Hands on: IOGear USB-C Docking Station review

Finally, a docking station that rules them all…

What is a hands on review?
IOGear USB-C Docking Station

Early Verdict

This docking station does what it says on the tin without any hitches, and while it is expensive, we expect competitors to pop up swiftly as USB Type-C becomes more prevalent.


  • +

    Supports 4K

  • +

    Design is exquisite

  • +

    Plenty of ports


  • -

    No support for Windows 7

  • -

    There's no card reader

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Docking stations are becoming more popular as a convergence of technological improvements and workplace changes make them logical extensions of laptops.

More and more organisations now allow their employees to work remotely which, in turn, fosters the need to obtain relevant peripherals to maintain productivity.

That's monitors, keyboards and mice; the problem being that you often need a hub – the docking station – to maintain the link between all of them.

And until now, you needed two cables to make full use of your docking station setup, one for the power supply unit and one to connect to the actual docking station. That means having a secondary PSU if you commute frequently between two locations.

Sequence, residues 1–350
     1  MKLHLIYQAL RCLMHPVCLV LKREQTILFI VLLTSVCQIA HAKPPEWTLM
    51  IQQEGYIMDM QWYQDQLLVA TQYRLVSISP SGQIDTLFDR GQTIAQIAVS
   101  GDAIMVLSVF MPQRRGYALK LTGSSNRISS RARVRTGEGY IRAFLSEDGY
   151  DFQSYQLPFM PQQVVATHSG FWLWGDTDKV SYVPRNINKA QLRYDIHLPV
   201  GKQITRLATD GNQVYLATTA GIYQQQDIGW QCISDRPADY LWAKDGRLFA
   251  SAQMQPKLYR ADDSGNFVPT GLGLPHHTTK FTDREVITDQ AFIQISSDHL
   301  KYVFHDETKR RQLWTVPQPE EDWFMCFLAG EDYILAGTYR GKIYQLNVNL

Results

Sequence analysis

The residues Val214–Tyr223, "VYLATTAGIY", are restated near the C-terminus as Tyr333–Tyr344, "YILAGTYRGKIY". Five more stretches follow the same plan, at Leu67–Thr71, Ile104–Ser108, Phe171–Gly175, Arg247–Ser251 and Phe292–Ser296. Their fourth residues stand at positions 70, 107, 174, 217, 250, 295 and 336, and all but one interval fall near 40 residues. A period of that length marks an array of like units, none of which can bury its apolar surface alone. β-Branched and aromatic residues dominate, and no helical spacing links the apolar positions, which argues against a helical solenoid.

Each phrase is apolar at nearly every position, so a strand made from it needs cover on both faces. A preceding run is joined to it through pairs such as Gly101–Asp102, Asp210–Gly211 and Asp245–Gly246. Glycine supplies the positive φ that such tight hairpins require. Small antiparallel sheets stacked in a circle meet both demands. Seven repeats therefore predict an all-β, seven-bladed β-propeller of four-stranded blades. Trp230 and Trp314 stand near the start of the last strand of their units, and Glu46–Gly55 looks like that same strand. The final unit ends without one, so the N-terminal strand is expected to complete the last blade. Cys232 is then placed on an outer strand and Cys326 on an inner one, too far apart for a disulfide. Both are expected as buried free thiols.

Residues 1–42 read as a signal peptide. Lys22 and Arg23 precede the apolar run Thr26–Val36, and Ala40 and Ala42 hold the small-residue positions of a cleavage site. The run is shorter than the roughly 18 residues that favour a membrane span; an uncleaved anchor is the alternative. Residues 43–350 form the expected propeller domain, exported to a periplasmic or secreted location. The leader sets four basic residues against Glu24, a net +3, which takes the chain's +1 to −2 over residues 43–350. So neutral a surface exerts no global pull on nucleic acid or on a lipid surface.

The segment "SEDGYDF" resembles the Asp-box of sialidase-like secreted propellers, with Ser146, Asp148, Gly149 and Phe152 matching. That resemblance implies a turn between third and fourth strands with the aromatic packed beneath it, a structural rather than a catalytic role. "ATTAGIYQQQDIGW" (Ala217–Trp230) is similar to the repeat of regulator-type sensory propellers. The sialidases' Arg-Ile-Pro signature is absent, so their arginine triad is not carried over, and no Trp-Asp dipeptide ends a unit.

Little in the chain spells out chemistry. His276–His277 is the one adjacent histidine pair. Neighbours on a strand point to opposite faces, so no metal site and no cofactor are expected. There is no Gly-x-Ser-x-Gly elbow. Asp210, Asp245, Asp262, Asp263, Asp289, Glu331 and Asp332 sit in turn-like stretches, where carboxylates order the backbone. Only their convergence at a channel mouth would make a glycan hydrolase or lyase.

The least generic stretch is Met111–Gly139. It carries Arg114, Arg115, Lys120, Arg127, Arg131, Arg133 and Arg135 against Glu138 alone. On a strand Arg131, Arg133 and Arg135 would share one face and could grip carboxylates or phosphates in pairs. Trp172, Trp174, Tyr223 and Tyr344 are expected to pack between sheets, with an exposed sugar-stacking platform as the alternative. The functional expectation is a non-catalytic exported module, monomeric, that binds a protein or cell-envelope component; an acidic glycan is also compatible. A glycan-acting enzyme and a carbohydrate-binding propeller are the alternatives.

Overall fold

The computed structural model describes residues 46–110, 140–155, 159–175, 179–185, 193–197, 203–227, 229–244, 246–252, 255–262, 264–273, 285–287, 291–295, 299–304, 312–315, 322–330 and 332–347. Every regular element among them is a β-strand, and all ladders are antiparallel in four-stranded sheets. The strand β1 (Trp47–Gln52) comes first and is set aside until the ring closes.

The emergence of USB Type-C together with the rapid adoption of that connector by most vendors (thanks to Apple) means that a one-cable setup – with the docking station charging your laptop – is now possible.

IOGear USB-C Docking Station vertical

IOGear sent us its freshly announced USB-C Docking Station with power delivery (product code GUD3C01) which is compatible with Windows (8.1 and newer) and Mac (10.10.5 or better). No Linux here, and most importantly, no Windows 7.

Note that this device is not available in the UK, only in the US where it sells for about $200 (around £155, AU$265) making it an expensive but potentially very useful investment for businesses.

Made almost entirely out of metal, the docking station is compact (200 x 91 x 21mm) and heavy (562g) which makes it quite dense.

It does look solid and classy, and while the colour scheme doesn't match the Apple MacBook, it does perfectly fit that of the Dell XPS 13.

The weight doesn't include the equally massive power supply unit which, at 520g, is almost as heavy as the docking station it powers.

There's a good reason why the power supply is both external and that massive, and it's to do with the amount of power it is expected to deliver.

At 90W (20V, 4.5A), it is powerful enough to drive all but desktop replacement and mobile workstation laptops.

Popular models like the Dell XPS 13 or the Apple MacBook consume less than half that amount which should leave more than enough for other peripherals (your monitor is likely to have its own power supply).

The device is best positioned flat, with four rubber feet ensuring that there's some air circulating below the docking station to keep it cool. Also helping in the battle to avoid overheating are a good number of ventilation holes on either side of the GUD3C01.

IOGear USB-C Docking Station ports

Most of the 10 connectors found on the dock are located at the back: two USB 3.1 Type-C ports (one of which is a fast charging one), three USB 3.0 (one at the front), two front audio ports, a Gigabit Ethernet port, aN HDMI one and a DisplayPort that supports MST (Multi-Stream Transport).